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Secret Barbecue Sauce & Tenderness

by John Raven, Ph.B.

Here we are, boys and girls, in the fall of the year. We Texas residents will be very appreciative of any cool weather we get. It has been a long, hot summer.

I have been busy with several assorted enterprises. I am still seeking the perfect Texas style barbecue dipping sauce or, if you prefer, "finishing" sauce. I found my long lost recipe for the sauce my cousin and I developed at Hutto, Texas when we were learning the basics of grilling. This recipe had been missing for some 30 years. Wow! That is a long time.

I still like the recipe very much. But my taste buds have worn down from overuse, and the sauce does not taste just the way I remember it. I am working on using it for a base for a new sauce. Here she is as recorded some 30 years ago.



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Hutto Secret Sauce (Barbecue)
  • 1 Medium onion, chopped fine
  • Cooking oil to sauté
  • 2 cups ketchup
  • 2 cups water
  • 1/2 cup Kraft Hot Hickory smoke flavor sauce
  • 8 tablespoons Lea & Perrins Worcestershire sauce
  • 2 tablespoons brown sugar
  • 1 teaspoon ground black pepper
Sauté the onion in cooking oil until transparent. Add the liquids and bring to simmer. Add the brown sugar and black pepper. Continue to simmer 1 hour. Makes about 3-1/2 cups.

I don't think Kraft makes Hot Hickory Smoke sauce any longer. I had to substitute a store brand hickory sauce. I added a bit of cayenne to get the "hot". This is, like I said, still a good Texas-style sauce. Don't be afraid to try it. It works best with beef, and it's excellent on grilled summer sausage. This makes perfect tailgate fare.

Something else I have been doing is learning how to get tough meat tender. Venison, for instance, is really tough unless you get just the backstrap and maybe some of the shoulder. The rest of Bambi is tough. Inexpensive cuts of beef (well, they were once inexpensive) like brisket or chuck are usually on the tough side, too.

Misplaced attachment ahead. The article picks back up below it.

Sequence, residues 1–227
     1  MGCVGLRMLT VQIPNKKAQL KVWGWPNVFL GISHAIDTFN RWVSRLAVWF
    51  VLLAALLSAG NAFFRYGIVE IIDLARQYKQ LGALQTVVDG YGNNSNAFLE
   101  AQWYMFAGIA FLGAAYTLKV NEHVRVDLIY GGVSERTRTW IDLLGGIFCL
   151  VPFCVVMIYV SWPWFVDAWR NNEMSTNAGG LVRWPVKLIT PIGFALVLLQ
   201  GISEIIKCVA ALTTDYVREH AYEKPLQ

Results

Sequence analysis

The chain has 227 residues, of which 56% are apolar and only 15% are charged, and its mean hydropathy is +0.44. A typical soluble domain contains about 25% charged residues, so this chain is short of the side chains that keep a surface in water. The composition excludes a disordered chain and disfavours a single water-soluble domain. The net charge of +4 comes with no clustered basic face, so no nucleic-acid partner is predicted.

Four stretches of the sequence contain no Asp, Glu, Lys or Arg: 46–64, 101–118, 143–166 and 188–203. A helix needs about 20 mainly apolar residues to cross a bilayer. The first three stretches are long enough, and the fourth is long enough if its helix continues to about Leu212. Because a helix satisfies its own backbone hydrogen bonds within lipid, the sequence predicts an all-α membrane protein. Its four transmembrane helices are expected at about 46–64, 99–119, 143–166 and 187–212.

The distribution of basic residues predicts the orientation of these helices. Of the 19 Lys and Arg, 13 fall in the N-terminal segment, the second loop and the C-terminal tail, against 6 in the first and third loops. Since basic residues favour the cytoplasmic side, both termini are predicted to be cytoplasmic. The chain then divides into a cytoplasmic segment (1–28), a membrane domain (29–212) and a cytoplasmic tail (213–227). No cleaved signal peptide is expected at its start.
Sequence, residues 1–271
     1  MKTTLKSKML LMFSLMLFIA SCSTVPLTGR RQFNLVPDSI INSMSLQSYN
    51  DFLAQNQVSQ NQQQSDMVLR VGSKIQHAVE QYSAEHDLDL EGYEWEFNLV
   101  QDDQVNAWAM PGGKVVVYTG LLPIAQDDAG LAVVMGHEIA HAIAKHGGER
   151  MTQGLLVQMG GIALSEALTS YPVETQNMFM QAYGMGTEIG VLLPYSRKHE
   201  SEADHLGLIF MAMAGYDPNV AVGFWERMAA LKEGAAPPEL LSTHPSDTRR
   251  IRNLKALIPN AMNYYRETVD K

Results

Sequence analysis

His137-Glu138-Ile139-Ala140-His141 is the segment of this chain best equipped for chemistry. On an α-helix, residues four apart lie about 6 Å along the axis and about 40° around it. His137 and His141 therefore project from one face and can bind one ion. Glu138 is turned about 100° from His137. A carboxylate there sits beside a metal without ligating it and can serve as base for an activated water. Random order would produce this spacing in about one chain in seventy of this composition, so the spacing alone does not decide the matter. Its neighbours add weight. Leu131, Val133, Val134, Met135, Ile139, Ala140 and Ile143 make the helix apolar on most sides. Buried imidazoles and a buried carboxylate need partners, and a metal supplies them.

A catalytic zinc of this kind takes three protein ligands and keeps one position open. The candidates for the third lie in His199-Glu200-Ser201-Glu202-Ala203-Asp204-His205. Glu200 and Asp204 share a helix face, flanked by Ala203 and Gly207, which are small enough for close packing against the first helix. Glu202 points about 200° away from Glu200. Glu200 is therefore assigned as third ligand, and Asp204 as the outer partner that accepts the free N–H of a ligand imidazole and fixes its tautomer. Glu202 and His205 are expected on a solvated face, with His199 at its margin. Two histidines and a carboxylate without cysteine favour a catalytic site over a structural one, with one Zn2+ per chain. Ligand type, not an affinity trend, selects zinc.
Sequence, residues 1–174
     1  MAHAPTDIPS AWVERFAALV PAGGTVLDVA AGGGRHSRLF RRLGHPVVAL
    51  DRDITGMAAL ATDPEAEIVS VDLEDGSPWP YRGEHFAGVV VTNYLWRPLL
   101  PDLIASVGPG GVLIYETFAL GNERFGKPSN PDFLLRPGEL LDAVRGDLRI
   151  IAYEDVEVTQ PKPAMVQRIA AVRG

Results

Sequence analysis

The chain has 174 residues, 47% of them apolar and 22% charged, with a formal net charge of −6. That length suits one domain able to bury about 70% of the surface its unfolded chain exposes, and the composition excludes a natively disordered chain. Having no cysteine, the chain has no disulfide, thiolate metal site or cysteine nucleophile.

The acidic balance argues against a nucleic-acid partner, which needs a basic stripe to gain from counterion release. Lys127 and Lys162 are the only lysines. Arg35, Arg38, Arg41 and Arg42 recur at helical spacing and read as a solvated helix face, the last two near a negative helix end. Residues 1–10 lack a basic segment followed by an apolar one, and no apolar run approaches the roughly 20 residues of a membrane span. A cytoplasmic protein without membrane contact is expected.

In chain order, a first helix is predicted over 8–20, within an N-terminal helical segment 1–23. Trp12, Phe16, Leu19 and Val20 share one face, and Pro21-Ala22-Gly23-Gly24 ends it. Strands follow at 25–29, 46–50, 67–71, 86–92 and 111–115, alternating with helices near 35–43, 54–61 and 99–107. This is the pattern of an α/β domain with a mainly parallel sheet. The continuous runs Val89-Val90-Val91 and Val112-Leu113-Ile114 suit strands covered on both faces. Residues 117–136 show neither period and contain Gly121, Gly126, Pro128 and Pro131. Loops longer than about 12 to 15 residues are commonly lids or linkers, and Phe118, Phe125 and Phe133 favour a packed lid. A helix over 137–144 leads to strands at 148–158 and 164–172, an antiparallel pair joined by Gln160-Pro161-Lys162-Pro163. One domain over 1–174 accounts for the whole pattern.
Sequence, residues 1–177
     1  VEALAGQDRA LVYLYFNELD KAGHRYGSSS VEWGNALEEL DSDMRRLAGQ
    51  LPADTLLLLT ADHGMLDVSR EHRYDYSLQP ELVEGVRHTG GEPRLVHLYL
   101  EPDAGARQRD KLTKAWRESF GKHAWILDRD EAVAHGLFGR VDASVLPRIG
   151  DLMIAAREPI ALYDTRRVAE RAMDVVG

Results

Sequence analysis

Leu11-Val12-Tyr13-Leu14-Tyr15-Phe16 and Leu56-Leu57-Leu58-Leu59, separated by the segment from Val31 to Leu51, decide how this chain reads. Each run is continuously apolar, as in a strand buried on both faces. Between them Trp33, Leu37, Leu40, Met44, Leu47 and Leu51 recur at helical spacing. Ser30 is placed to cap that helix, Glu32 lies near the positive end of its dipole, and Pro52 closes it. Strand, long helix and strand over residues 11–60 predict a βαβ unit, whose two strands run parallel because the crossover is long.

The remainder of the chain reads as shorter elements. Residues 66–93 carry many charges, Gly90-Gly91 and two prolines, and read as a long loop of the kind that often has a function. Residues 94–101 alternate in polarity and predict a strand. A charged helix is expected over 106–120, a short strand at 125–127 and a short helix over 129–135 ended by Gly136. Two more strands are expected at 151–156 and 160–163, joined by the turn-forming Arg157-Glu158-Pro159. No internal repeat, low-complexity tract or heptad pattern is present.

I have started steaming the toughies in the oven and then glazing them when they are tender. The venison I have is mostly small pieces that were trimmings from the butchering. I go through these and remove any cartilage and the thicker connective tissue. The venison is then well seasoned. I use a commercial barbecue seasoning. Next, I wrap the package well in heavy-duty aluminum foil. The foil package goes in a roasting pan because it will leak. It all goes in a 300°F oven for about an hour or until you can smell it. Then cut the temperature back to 225 to 250°F for about three hours. A large roast will take longer; you want the internal temperature at least 180°F.

When you decide it's done, cut the oven off and let the meat cool in there until you can handle it without serious burns. Drain off the juice. Now put some glaze on the meat. I use the Hutto Secret Sauce. Stick the meat under the broiler until it is just ready to scorch. This works for me every time.

Another recipe I always enjoyed at home was leftover ham in sweet and sour sauce. My mama came up with this dish, and I still enjoy it frequently.

Sweet and Sour Ham

  • 1 tablespoon butter or shortening
  • 1 cup ketchup
  • 2 tablespoons yellow mustard
  • 2 tablespoons sugar
  • Sprinkle of black pepper
  • 2 cups cubed ham, leftover preferred
Melt the butter in a large skillet. Add the ketchup, mustard and sugar. Add enough water to make a thickish sauce. Add the ham and let it simmer until the ham is heated through. Give all a good sprinkle of black pepper. You may adjust the proportions of the ingredients to suit your taste. This goes really well with mashed potatoes.

This is the time of the year to purchase your grilling and barbecuing equipment. The stores want to get rid of the stuff they didn't sell in the summer so they will have room to stash other things. I noticed this morning when I was at the supermarket that there were about a dozen assorted grills and cookers on sale on the sidewalk in front of the store.

Let's do a little review of the equipment:

The grills start with the basic container for charcoal with a grate on top and a lid to keep the smoke and heat it. These are fine for doing things like steaks and burgers that favor fast, hot cooking. If you take care of one of these little darlings, it will last for many years. The most important thing would be to put a double layer of heavy-duty foil under your charcoal. I know you won't clean the ashes out every time, so if the ashes get wet they won't corrode the bottom of your grill.

The next step up is one of the "ball" grill/smokers. For some reason, they work really well at slow cooking. You just have to put your coals on one side so they are not directly under your food.

The 55- gallon drum smokers are still around. I really don't think I would want one of them unless I knew for sure what the drum contained before it became a cooking implement.

When you get into the area of getting a manufactured pit with the firebox on the end, the main thing to look for is good construction. You want heavy metal and neat welds. You can use real wood in these things and get a better end product. There is a bit of a learning curve involved. If you buy one, make sure an owner's manual comes with it. When you have studied that, then you can Ask Dr. John on the details.

Gas grills are just that, grills. They run too hot to do any slow cooking. They are excellent for the steak and burger crowd. In Texas, they keep a lot of heat out of the kitchen in the summer and a decent amount of beer in the operator. It is almost a law in Texas that if you operate a grill or smoker, you have to have some cold beer on hand.

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